In Somalia, where more than 6 million people are going hungry, a famine has yet to be declared, but some humanitarian and climate officials have warned that current trends are worse than in the 2011 famine, in which 250,000 people died.

Somalia is also grappling with insecurity due to the al-Shabab extremist group, which has ties to al-Qaida and has fought the Somali federal government in Mogadishu for years. The group intensified attacks on military bases in recent months after losing territory in rural areas to government forces.

In Ethiopia’s northern Tigray region, nearly all the 6 million people rely on food aid after two years of civil war. Government-imposed restrictions on humanitarian relief had pushed parts of the region to the brink of famine until aid deliveries resumed after the war stopped with a cease-fire in November.

But the U.N. and USAID, the U.S. aid agency, announced earlier this month that they were suspending all food assistance to investigate the theft of humanitarian supplies.

___

Associated Press writer Evelyne Musambi in Nairobi, Kenya, contributed to this report.

United States News

This Aug. 17, 2021 photo shows Quagga mussels cover the engine of a Bell P-39 Airacobra military pl...

Associated Press

Historians race to find Great Lakes shipwrecks before quagga mussels destroy the sites

MADISON, Wis. (AP) — The Great Lakes’ frigid fresh water used to keep shipwrecks so well preserved that divers could see dishes in the cupboards. Downed planes that spent decades underwater were left so pristine they could practically fly again when archaeologists finally discovered them. Now, an invasive mussel is destroying shipwrecks deep in the […]

33 minutes ago

This image provided by Tulane University shows Nick Spitzer, host of the weekly public radio music ...

Associated Press

Louisiana folklorist and Mississippi blues musician among 2023 National Heritage Fellows

NEW ORLEANS (AP) — Louisiana folklorist Nick Spitzer and Mississippi blues musician R.L. Boyce are among nine 2023 National Heritage Fellows set to be celebrated later this month by the National Endowment for the Arts, one of the nation’s highest honors in the folk and traditional arts. Spitzer and Boyce are scheduled to accept the […]

33 minutes ago

Republican presidential candidates, from left, former Arkansas Gov. Asa Hutchinson, former New Jers...

Associated Press

3rd Republican presidential debate is set for Nov. 8 in Miami, with the strictest qualifications yet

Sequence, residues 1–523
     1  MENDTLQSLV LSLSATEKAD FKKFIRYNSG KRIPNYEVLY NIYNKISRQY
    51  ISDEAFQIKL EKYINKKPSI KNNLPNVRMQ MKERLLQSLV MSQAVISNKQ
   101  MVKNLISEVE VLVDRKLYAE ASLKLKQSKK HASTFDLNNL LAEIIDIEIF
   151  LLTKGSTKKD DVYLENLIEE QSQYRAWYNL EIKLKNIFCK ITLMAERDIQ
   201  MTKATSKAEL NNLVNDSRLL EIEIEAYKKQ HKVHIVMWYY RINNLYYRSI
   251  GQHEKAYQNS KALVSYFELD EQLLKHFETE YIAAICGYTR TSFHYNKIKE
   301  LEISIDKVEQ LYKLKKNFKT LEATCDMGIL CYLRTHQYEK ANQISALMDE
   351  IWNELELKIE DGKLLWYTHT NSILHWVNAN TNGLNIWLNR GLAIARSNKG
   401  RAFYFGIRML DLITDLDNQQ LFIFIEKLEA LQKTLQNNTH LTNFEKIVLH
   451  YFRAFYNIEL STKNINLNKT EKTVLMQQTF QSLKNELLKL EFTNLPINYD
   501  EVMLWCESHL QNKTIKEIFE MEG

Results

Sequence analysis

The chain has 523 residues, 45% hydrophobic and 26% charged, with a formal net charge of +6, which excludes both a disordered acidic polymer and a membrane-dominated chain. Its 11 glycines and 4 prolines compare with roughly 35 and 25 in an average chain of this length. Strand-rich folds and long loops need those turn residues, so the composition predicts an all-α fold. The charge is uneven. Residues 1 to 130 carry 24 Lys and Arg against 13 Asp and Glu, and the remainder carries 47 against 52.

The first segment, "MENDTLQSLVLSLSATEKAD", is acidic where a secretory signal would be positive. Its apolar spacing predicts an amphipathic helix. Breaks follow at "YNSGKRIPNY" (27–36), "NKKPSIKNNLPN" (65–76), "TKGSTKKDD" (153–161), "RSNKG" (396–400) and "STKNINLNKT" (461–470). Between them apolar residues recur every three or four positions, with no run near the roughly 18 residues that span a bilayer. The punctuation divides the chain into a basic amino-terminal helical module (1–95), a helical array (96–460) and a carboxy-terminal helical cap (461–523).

The third Republican presidential debate will be held in Miami on Nov. 8, a day after several states hold off-year elections.

3 hours ago

During the equinox, the Earth’s axis and its orbit line up so that both hemispheres get an equal ...

Associated Press

The fall equinox is here. What does that mean?

The equinox arrives on Saturday, marking the start of the fall season for the Northern Hemisphere. But what does that actually mean?

4 hours ago

(AP Photo/Moises Castillo, File)...

Associated Press

As migrants overwhelm a Texas border city, others wait in Mexico for appointments to enter the US

Some migrants who arrive at the border stop in Texas only stop for a quick meal before crossing the Rio Grande.

5 hours ago

Associated Press

Seattle police officer put on leave after newspaper reports alleged off-duty racist comments

SEATTLE (AP) — A Seattle police officer has been placed on administrative leave after Seattle Police Chief Adrian Diaz said Friday he listened to an audio recording including comments by the officer that led to the filing of a bias/hate complaint. “As I have said from the beginning of my tenure as Chief of Police, […]

5 hours ago

Sponsored Articles

Home moving relocation in Arizona 2023...

BMS Moving

Tips for making your move in Arizona easier

If you're moving to a new home in Arizona, use this to-do list to alleviate some stress and ensure a smoother transition to your new home.

Sanderson Ford...

Sanderson Ford

Sanderson Ford congratulates D-backs’ on drive to great first half of 2023

The Arizona Diamondbacks just completed a red-hot first half of the major league season, and Sanderson Ford wants to send its congratulations to the ballclub.

...

Mayo Clinic

Game on! Expert sports physicals focused on you

With tryouts quickly approaching, now is the time for parents to schedule physicals for their student-athlete. The Arizona Interscholastic Association requires that all student-athletes must have a physical exam completed before participating in team practices or competition.

UN conference raises less than $1 billion for climate-wracked Horn of Africa in major disappointment